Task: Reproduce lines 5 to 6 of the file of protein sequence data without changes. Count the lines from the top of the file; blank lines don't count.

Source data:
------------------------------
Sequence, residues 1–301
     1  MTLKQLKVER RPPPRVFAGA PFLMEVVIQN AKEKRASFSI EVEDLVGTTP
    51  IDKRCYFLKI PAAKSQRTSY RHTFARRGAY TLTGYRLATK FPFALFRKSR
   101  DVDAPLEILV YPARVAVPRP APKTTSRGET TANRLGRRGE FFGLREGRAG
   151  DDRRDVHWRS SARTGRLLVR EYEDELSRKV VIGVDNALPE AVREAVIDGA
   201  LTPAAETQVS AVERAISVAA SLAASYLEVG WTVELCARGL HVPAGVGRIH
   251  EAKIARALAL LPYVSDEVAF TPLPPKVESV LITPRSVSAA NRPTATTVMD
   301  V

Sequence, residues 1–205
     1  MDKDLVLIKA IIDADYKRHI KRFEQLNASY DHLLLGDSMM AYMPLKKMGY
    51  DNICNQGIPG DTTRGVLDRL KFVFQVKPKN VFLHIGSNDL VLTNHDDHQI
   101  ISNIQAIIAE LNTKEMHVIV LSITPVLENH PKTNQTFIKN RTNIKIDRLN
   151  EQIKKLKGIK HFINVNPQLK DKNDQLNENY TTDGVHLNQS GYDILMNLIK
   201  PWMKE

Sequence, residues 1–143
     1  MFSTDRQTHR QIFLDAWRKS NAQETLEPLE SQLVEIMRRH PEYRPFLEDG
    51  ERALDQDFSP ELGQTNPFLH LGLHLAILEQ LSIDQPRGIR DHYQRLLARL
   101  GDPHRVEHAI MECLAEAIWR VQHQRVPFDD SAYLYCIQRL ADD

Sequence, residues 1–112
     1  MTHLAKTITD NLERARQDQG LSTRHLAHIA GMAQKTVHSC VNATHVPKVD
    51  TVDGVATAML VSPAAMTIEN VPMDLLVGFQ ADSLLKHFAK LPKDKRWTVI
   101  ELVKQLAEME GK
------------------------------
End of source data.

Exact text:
   151  DDRRDVHWRS SARTGRLLVR EYEDELSRKV VIGVDNALPE AVREAVIDGA
   201  LTPAAETQVS AVERAISVAA SLAASYLEVG WTVELCARGL HVPAGVGRIH